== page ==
The unofficial center of the blues world, Clarksdale is where John Lee Hooker was born, where Bessie Smith died, and remains the center of Robert Johnson lore (the crossroads, Johnson's grave and the juke joint where he was likely poisoned are all nearby). Inside Clarksdale's Delta Recording, a studio owned by Jimbo Mathus (Squirrel Nut Zippers), Costello and band cut "Monkey To Man," what is arguably the funkiest and most compelling track on the album — if not of Costello's recent career.

"We just did one take but we played for over an hour; they just rolled it all the time. We cut four takes of 'Monkey To Man.' That's why at the end of the 'Monkey to Man' on the record, you hear 'start again.' We just went straight back into another take, that's the way we got the groove we wanted. All we had to do was relax."

Always the most American of British rock stars (one listen and it's clear he was only half-joking with "King of America"), Costello soaked in whatever musical vibrations the south had to offer and in the process made a more vital record and revived the rock side of his career, which to many ears has been lagging since the late '80s. Perhaps spending more time in the states with his new wife, jazz pianist/singer/occasional glamour girl Diana Krall, has made him appreciate his ever-growing connections to this county even more.

"There's a mythic quality to so many towns in America, particularly if you've grown up receiving these secret messages on records all your life. I remember my first trips to America being sort of simultaneously enthralled and disappointed by various musically mythic American cities. Like New Orleans, although it was obviously designed for tourism, was still the flavor of what it had been. It wasn't like Storyville, but there was something there.

Now it's a little bit more Disney-fied, as much as Beale Street is. But the great thing about Memphis is that it's slightly off the pace of the rest of America. It's got some quirk to it that I really like. Mississippi is way off the pace of America. It hasn't got the homogenization yet. Oxford, which I have to say, isn't the typical mental picture of Mississippi, is kind of a genteel, leafy town with a beautiful town square. And Faulkner of course. I was walking around Rowan Oak all the time. It was a very welcoming place. People were extremely courteous, enormously generous. And then of course you go down to Clarksdale and you see the other reality, the economy's been stripped out, people are being asked to live in a way that you wouldn't expect to see in a sophisticated country like America. It's pretty shocking, really.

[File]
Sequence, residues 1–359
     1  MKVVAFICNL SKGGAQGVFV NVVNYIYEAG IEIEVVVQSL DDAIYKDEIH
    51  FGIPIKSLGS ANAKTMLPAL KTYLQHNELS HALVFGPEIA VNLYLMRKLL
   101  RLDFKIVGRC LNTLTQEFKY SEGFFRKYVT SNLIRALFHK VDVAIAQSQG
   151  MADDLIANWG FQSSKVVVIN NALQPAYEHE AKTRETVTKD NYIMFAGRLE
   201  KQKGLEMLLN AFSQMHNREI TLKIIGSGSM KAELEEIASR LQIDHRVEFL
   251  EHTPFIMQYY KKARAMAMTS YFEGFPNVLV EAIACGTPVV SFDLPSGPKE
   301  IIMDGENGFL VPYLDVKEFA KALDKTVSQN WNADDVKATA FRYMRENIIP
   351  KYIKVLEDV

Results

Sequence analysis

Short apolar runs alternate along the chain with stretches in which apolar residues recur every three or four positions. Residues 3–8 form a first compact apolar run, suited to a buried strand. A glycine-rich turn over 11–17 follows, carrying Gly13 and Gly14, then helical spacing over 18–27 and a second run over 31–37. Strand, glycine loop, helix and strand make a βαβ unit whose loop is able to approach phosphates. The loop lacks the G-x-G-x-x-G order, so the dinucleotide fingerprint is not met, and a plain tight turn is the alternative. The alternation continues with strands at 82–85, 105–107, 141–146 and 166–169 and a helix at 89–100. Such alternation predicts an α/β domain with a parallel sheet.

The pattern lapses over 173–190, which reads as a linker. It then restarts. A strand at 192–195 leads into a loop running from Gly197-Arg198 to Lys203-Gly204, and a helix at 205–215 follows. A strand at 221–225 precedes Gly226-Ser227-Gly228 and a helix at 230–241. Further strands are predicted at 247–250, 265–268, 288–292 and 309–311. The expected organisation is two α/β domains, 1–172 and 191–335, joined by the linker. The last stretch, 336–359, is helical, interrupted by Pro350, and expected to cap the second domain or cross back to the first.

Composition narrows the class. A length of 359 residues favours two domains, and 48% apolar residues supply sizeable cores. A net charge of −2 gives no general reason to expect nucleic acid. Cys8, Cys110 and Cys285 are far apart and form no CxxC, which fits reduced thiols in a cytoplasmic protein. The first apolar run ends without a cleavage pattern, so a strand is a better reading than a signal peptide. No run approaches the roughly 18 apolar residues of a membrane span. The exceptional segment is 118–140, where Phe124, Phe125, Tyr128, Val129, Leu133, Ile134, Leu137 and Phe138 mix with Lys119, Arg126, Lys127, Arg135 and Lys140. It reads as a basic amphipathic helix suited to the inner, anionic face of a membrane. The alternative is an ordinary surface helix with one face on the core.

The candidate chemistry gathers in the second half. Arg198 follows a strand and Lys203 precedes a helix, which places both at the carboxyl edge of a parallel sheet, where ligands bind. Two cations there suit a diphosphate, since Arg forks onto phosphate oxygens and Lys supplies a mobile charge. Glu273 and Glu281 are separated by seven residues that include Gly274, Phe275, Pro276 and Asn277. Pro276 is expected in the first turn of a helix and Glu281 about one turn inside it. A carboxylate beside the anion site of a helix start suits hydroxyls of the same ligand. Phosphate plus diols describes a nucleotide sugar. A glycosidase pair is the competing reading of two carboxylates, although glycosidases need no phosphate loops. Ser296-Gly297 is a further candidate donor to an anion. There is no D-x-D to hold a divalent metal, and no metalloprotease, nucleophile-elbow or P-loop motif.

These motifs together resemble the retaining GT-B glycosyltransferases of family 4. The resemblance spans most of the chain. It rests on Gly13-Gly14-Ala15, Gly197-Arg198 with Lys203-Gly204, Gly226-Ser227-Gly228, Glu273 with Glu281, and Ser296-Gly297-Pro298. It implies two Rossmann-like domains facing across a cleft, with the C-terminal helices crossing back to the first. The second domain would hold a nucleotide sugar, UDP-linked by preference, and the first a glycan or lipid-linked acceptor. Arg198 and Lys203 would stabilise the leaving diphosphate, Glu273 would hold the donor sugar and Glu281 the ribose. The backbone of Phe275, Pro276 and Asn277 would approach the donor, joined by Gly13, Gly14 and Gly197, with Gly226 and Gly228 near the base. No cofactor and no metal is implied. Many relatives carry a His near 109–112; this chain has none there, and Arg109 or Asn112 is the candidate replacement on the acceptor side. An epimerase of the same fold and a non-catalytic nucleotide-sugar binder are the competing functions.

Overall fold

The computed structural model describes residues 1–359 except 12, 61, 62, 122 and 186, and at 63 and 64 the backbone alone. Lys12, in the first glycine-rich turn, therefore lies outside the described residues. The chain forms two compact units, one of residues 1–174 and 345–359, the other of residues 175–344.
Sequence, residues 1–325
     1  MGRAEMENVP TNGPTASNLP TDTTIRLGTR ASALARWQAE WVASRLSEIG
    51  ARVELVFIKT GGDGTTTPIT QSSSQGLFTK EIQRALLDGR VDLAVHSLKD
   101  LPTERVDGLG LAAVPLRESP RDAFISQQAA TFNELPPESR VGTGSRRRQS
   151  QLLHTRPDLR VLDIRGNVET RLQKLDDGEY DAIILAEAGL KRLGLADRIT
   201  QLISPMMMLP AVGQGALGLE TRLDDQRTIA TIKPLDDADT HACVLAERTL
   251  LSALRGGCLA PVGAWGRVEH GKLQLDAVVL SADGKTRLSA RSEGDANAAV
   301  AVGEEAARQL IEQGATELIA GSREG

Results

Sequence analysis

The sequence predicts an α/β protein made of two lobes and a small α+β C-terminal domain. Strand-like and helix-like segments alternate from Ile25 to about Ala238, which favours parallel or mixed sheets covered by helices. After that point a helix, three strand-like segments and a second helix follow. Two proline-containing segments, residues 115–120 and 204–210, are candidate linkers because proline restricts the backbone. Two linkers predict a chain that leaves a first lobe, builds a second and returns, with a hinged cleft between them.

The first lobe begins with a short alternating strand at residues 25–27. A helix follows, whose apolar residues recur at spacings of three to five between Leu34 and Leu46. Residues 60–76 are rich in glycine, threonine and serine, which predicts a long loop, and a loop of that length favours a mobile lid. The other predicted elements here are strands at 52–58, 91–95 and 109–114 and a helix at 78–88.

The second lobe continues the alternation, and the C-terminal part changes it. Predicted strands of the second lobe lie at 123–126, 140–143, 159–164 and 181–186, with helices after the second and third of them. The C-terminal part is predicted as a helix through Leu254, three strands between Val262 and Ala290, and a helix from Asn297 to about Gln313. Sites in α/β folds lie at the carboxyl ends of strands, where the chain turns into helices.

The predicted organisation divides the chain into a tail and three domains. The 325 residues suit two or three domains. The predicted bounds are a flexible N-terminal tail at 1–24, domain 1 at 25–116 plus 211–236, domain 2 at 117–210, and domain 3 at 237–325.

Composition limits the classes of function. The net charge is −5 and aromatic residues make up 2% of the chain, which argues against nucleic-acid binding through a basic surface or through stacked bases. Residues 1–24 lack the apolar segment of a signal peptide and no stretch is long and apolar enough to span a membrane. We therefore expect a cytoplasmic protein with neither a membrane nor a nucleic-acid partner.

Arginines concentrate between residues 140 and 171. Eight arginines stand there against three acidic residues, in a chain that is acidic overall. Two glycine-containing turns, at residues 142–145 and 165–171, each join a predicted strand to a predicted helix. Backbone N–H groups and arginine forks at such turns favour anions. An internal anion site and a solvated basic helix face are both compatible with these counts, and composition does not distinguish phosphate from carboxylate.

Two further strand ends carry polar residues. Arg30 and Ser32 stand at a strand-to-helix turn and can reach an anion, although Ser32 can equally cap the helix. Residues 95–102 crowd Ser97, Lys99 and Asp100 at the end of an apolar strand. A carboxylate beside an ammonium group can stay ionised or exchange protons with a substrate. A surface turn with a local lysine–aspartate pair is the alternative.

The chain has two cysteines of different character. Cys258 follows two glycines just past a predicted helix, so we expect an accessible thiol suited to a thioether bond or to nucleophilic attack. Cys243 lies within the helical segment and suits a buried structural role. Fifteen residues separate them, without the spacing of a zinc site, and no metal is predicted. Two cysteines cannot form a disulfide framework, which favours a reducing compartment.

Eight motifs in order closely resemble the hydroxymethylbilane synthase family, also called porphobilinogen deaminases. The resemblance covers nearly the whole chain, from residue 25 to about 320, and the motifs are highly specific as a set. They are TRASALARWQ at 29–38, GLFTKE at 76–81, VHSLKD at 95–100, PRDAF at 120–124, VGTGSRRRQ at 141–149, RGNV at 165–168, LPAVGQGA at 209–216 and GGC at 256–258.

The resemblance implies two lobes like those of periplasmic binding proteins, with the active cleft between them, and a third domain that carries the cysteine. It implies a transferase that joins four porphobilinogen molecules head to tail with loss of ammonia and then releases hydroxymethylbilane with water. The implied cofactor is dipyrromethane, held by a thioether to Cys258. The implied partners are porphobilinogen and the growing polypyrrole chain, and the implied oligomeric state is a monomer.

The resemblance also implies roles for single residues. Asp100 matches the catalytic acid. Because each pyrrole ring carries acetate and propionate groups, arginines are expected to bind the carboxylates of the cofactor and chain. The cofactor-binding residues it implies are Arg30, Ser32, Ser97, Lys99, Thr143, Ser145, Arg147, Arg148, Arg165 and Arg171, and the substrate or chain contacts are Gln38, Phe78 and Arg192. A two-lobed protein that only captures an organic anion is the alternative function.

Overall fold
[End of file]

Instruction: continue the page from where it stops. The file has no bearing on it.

"Oddly enough, people kept asking me: 'It must be very different for you down here.' I said, 'Well, of course the physical landscape is different but the atmosphere in Clarksdale is very similar to my dad's hometown of Birkenhead.' It's the town opposite Liverpool, which had its heyday in the late 1800s as the major port on the Mersey before the rise of Liverpool. Birkenhead became a shipyard town and when the shipyards closed down, it became a bit like a ghost town like Clarksdale is.

"What I love so much about being [in Clarksdale] are the passionate attempts to sustain the culture of a town like that against all adversity, which have got to be applauded. The people who run the Delta Blues Museum, Jimbo trying to keep a music scene going there, Morgan Freeman having a club and restaurant there. Believing in a place you come from, a place that you love is an inspiring thing. I was happy to patronize, not pejoratively but literally. We got a great track out of it."

All this activity occurs just as Costello, a performer who first burst on the scene in 1977 with the release of My Aim Is True looked and acted like a child. After a run of successful albums which changed the way many thought of the nascent new wave — This Year's Model, Armed Forces, Get Happy — Costello ended the 80s with King of America before signing with Warner Brothers in 1989 and releasing Spike. For a variety of reasons, many of them related to his turbulent personal life, the Warner years became a downward spiral. By the time Brutal Youth was released in 1994, his records had become indulgent and nearly un-listenable, and his once rabid fan base had cooled considerably. His career began to turn around via his late '90s collaboration with Burt Bacharach, Painted From Memory. His 2003 adventure into art songs, North, furthered the recovery, which has now been cinched by the one-two punch of Il Sogno and The Delivery Man (which he plans to actively tour behind). He sees his ongoing musical curiosity and willingness to take on new projects as part of a process that his parents first set into motion.